BROOKSVILLE — An Atlanta-based company has won County Commission approval to rezone a 72-acre parcel on the southwest corner of Lake in the Woods Drive and U.S. 19 allowing commercial space, offices, a congregate living facility and senior housing.
What made this large project stand out from many others commissioners consider each year is the residents of adjacent communities spoke in favor of, rather than in opposition to, the plan.
So agreeable were the development's representative and citizens who spoke on Tuesday that Commission Chairman Dave Russell even suggested at one point that if there were no opposing residents, why not forgo time at the microphone and let the commissioners go ahead and vote on the issue.
The company's representative has had several meetings with area residents, including those from Lake in the Woods, to talk about issues such as transportation access points, road improvements and an area of multifamily housing.
When that housing component became a sticking point, the developer changed the plans to senior housing to alleviate concerns, developer's representative Don Lacey of Coastal Engineering told commissioners.
Stretching out behind the Walgreens at the corner of U.S. 19 and Lake in the Woods, developer Flag Mets I proposes a variety of commercial and office uses for the parcels closer to U.S. 19, and 225 senior housing units and possibly a congregate care use for the 15 acres of the site furthest from the highway and nearest to existing residential housing.
After hearing from supportive residents and about road improvement concerns in the general area, Lacey had time for his rebuttal but decided not to take much of it.
"I think I know when to step aside and just let the process move forward,'' he said.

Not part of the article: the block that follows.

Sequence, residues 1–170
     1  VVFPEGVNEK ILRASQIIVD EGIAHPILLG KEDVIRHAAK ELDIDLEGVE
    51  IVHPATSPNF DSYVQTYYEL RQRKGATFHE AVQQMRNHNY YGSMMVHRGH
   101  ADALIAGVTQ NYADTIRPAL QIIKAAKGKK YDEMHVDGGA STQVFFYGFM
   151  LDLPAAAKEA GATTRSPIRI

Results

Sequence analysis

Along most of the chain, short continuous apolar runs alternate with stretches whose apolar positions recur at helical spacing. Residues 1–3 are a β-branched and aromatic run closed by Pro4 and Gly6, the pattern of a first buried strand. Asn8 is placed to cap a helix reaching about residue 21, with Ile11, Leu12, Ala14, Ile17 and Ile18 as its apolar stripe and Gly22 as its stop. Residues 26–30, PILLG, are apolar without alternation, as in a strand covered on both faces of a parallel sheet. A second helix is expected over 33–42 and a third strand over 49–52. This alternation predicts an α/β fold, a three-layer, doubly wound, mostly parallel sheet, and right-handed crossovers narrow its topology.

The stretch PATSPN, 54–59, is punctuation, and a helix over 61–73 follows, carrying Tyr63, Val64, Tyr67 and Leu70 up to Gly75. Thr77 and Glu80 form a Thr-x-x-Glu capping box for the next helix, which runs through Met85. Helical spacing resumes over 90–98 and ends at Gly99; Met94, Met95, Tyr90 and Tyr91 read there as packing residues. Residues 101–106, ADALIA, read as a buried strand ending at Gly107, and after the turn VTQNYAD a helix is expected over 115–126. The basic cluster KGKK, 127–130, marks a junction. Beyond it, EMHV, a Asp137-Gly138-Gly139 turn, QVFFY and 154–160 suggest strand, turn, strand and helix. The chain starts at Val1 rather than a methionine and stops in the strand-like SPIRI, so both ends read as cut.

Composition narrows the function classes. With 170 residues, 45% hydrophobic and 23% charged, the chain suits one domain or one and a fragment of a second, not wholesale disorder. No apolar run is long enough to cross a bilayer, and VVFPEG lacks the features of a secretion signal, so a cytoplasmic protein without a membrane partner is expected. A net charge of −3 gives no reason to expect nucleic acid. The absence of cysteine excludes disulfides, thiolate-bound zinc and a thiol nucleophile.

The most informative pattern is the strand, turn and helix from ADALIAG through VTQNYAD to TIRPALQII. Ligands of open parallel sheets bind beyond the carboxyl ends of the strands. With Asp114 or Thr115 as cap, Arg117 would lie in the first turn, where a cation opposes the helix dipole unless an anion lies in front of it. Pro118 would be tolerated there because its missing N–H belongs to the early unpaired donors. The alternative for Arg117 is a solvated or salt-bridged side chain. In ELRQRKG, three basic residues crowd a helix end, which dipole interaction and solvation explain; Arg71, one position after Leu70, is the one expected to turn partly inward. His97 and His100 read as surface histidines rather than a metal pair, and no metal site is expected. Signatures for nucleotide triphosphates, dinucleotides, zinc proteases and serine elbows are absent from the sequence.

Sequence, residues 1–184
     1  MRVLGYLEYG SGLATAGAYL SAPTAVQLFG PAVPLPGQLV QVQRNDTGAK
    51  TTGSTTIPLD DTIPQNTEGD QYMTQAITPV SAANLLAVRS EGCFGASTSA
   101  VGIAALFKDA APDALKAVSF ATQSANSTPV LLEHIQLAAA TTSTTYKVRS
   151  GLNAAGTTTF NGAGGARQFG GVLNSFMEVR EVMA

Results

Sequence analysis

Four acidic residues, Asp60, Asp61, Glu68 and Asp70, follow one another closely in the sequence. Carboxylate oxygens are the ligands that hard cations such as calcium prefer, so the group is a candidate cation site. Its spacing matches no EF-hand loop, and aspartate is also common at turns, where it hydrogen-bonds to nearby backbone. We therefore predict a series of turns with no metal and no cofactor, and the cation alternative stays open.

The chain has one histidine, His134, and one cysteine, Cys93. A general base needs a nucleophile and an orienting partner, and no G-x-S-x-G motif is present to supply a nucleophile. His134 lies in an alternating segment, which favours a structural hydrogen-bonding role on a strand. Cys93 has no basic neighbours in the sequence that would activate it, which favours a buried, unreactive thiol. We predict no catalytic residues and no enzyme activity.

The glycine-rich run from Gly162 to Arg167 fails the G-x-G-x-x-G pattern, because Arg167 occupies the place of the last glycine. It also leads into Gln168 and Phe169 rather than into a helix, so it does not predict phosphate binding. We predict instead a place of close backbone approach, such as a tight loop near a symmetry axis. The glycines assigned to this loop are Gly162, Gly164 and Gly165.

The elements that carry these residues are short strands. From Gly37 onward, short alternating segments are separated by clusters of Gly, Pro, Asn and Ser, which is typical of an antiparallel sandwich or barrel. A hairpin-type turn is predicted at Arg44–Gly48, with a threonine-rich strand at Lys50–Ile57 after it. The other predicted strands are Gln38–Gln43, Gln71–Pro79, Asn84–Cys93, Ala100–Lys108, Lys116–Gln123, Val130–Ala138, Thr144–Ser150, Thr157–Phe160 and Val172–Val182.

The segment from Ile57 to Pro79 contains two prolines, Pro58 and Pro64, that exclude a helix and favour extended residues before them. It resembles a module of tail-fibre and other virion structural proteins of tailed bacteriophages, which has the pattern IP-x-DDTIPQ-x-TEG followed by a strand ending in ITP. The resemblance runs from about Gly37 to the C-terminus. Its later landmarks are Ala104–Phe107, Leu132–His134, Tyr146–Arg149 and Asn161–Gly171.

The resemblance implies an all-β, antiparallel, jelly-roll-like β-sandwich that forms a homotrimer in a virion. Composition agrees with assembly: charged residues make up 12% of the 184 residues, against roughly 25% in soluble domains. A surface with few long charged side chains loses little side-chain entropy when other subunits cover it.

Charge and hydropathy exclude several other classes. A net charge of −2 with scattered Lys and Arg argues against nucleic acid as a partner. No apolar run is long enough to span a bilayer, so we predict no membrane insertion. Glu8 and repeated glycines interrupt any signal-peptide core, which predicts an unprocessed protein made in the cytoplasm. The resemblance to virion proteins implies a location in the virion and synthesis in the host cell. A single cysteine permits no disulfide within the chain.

Commissioners were unanimous in their support for the rezoning.
In an unrelated matter, the County Commission on Tuesday approved draft documents supporting the Neighborhood Stabilization Program plan for Hernando County.
Following a 15-day public comment period, the commission is expected to approve the plan in a special meeting March 31.
The plan, which is part of the federal Housing and Economic Recovery Act, has two components.
One will bring $4.3 million to acquire and improve foreclosed and abandoned properties, which would then be purchased by people whose income is less than 120 percent of the median for the area.
The second part is making $1.34 million available for the county to provide rental housing in previously foreclosed homes or apartments to people whose income is less than 50 percent of the area mean income.
The program is expected to unfold quickly. Since federal Housing and Urban Development officials have signed off on the state's plan, communities have just 10 months to commit their money to the project.
The program will rely heavily on a consultant the county will hire to oversee it, on private enterprises in Hernando that will be used to complete the home transactions and any repairs needed, and an experienced housing nonprofit agency to oversee the rental properties.
The county will advertise the opportunities available, said Jean Rags, director of health and human services.
For more information, visit www.co.hernando.fl.us/HealthandHumanServices/NSPComments.htm.
Barbara Behrendt can be reached at firstname.lastname@example.org or (352) 848-1434.